Speaking with a client recently, I heard him think aloud how his ad spend relates to his average ad position. Comparing two campaigns, he noted that although he was spending more on one campaign, he was getting a better average position on the other. “I’m getting a lot more for my money over here,” he offered. Of course, all else equal, more money will afford you a better position. However, nothing about search engine marketing operates in a vacuum.
In most explanations of metrics, you’ll hear me start with two reminders.
- When you pay per click, there aren’t many ways to get more for your money changing what happened before the click. Look at which clicks are producing more afterward.
- If the goal is sales, any metric is only as important as its relationship to sales.
So we’re talking about Ad Position. If you’ve bid $4 to show in the number 2 position, but you could have bid $2 to show in the number 3 position, where did you really get more for your money.
We don’t have enough information to say.
Did both of those impressions result in clicks? If the goal was a sale, did both clicks result in sales? If both did, what was the value of each sale? Is there a higher lifetime value of one or the other customer?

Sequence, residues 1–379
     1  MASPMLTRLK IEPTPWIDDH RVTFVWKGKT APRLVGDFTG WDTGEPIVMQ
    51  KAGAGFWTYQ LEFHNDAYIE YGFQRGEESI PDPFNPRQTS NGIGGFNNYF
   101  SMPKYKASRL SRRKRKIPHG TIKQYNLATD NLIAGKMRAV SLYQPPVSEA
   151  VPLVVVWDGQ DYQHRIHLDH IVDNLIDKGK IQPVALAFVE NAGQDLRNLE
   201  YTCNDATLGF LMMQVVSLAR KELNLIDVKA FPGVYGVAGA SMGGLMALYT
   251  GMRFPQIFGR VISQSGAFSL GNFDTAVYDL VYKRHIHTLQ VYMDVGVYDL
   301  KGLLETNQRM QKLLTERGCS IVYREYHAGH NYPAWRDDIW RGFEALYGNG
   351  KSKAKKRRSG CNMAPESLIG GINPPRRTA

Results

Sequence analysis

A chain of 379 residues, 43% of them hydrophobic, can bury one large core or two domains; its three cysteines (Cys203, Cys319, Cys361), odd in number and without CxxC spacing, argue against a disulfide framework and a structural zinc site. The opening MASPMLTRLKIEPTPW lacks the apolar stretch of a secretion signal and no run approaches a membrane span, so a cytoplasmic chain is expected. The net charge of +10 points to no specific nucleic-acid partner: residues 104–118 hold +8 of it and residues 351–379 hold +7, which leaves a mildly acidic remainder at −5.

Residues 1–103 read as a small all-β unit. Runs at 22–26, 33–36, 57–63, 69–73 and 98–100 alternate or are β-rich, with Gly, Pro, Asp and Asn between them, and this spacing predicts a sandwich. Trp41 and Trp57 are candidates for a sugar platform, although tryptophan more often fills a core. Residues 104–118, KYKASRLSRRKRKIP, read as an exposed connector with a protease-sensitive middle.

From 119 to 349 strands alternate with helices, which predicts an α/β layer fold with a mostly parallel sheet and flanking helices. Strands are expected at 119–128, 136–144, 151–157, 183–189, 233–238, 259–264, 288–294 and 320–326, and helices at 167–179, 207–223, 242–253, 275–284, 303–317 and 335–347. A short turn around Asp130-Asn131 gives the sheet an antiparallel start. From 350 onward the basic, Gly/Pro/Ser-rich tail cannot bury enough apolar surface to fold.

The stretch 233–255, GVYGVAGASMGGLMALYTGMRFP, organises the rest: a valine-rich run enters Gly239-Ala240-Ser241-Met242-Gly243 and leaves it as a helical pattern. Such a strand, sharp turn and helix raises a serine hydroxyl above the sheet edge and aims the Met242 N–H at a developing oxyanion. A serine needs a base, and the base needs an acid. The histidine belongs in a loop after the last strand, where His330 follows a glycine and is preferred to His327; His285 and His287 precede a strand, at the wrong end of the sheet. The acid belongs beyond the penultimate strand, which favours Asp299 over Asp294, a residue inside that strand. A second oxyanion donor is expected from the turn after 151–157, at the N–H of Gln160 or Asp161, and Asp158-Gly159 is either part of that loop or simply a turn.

Whoa! We were just talking about getting better position. In the example above, our client could have been comparing non-geographic, low intent terms in a campaign targeted 30 miles away to a geo-specific, high intent campaign targeted in his backyard. Which click is more likely to end up buying a vehicle? On this very basic information, we would guess the latter.
In that latter instance, we would probably be interested in paying more per click, attempting to show in better position where click-through rate is higher. We don’t want to miss an impression to that shopper. In essence I’m saying, we want that impression and we want to give ourselves the best chance to get that click.
In the former case, the remote shopper who appears to be in more of a research stage, we may like to show her an ad. However she may be several clicks, sessions, comparisons and videos away from visiting the dealership. I might argue we shouldn’t empty our wallets on these clicks until we’ve maximized our budget on other clicks more like the high-intent example above.
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